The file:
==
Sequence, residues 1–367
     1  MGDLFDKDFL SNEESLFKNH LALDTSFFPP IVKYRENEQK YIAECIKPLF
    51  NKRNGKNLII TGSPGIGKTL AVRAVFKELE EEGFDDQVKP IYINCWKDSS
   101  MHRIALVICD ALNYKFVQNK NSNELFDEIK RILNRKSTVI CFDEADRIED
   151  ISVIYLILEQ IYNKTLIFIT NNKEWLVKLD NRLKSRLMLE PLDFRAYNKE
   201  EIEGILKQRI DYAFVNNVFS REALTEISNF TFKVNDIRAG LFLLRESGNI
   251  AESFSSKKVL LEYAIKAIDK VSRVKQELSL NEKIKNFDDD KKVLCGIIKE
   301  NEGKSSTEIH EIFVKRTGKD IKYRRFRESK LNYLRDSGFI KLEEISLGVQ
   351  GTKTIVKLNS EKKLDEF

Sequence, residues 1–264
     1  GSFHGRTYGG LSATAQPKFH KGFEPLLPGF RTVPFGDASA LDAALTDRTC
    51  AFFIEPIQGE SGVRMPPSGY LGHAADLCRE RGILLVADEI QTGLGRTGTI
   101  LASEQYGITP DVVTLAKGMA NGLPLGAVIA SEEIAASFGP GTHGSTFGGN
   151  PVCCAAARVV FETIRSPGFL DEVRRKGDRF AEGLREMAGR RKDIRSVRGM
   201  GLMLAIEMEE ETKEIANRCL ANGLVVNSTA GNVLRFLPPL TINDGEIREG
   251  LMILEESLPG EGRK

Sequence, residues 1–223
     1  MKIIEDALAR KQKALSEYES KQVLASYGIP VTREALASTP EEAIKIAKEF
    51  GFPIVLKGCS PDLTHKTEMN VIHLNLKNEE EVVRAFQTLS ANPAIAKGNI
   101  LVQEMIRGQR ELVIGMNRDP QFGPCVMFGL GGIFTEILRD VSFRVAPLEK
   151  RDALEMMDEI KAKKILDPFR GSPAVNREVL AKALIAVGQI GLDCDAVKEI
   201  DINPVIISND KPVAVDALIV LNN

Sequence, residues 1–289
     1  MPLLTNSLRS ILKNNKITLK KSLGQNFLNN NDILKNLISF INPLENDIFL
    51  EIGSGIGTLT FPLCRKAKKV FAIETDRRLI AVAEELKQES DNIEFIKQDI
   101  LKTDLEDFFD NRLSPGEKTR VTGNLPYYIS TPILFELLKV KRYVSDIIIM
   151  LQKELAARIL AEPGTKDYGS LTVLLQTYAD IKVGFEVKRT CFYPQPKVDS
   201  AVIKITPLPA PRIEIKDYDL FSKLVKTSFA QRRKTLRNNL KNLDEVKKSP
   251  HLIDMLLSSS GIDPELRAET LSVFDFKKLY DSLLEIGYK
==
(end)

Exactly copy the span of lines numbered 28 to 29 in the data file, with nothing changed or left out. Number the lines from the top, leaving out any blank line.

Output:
   201  AVIKITPLPA PRIEIKDYDL FSKLVKTSFA QRRKTLRNNL KNLDEVKKSP
   251  HLIDMLLSSS GIDPELRAET LSVFDFKKLY DSLLEIGYK